U.S. Flys F/A-18 Super Hornet Over Kabul To Support Evacuation

The U.S. military is flying F/A-18 fighter jets over Kabul “to ensure security” in the midst of its massive evacuation effort as American troops withdraw from Afghanistan, the Pentagon confirmed Thursday.

Maj. Gen. Hank Taylor told reporters that F/A-18s from the Ronald Reagan Carrier Strike Group, currently based in the North Arabian Sea, “flew armed overwatch flights over Kabul to ensure enhanced security” in the past 24 hours.

Pentagon press secretary John Kirby, who spoke alongside Taylor, said the flights were “at altitude” and not low flying as previously reported on social media.

This marks the first time Defense officials have confirmed the F/A-18 flights over Kabul, where there are now 5,200 U.S. troops to oversee the evacuation from the war-torn country the Taliban took control of on Sunday. About 7,000 people have been evacuated since then, including 2,000 individuals in the last 24 hours.

Government officials have estimated there are more than 10,000 Americans as well as  50,000 to 65,000 Afghan allies, including family members, who are also waiting to be evacuated as the U.S. drawdown nears its Aug. 31 deadline.

President Biden said Wednesday that U.S. troops will remain in Afghanistan until all Americans who want to get out of the country have been evacuated, even if it means staying beyond the deadline.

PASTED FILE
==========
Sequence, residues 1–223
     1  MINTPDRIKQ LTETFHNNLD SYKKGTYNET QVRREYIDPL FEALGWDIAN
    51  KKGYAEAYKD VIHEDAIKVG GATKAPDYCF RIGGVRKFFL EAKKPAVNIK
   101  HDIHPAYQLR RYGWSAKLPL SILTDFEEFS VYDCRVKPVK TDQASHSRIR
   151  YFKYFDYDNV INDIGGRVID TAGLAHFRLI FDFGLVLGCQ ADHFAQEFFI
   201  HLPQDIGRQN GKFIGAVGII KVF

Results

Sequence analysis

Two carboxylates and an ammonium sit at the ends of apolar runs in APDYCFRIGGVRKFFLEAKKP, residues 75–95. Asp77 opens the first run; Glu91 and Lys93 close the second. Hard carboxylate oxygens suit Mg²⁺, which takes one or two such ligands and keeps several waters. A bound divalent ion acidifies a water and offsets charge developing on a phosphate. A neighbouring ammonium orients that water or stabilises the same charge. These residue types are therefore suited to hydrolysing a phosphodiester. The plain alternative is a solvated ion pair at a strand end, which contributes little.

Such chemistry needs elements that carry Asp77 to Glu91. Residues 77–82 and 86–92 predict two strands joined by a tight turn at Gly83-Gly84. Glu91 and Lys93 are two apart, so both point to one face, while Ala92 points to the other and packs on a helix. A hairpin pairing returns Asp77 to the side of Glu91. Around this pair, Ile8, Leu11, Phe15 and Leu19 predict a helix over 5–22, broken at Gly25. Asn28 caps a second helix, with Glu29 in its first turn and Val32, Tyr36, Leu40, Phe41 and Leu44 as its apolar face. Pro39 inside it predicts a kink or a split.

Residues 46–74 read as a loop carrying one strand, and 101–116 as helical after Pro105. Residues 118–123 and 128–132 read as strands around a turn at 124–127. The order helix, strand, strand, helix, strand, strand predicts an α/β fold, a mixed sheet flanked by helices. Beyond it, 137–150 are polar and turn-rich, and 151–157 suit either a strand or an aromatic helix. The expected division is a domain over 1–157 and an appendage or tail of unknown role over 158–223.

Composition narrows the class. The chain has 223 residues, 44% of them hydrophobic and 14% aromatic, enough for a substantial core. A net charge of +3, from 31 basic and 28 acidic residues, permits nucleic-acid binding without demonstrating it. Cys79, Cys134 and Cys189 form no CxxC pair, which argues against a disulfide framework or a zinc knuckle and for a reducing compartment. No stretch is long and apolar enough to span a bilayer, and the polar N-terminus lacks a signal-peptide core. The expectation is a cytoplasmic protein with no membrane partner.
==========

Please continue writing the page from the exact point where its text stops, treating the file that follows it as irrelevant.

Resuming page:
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But there are fears the Taliban could interfere with such plans, with reports from Kabul relaying that thousands had been prevented from even reaching the airport by Taliban checkpoints and threats of violence.

And the State Department on Wednesday said it “cannot guarantee safe passage” to the Kabul airport.

Asked on Thursday if the F/A-18s are authorized to fire if U.S. troops and allies come under attack, Kirby said: “As always, we have the right to defend ourselves and our people and our operations.”

Taylor, meanwhile, said the jets were there “to support the commander on the ground.”

The two would not say how many F/A-18s were being flown or when the flights began, only that the jets were flying “continuously in support” of the U.S. efforts to evacuate Americans and Afghan civilians.

“Throughout the drawdown we had overwatch capabilities,” Kirby said. “The fact that we are flying overwatch missions now, and have been since the 14th – we were actually doing it before the 14th, as you would think we would.”

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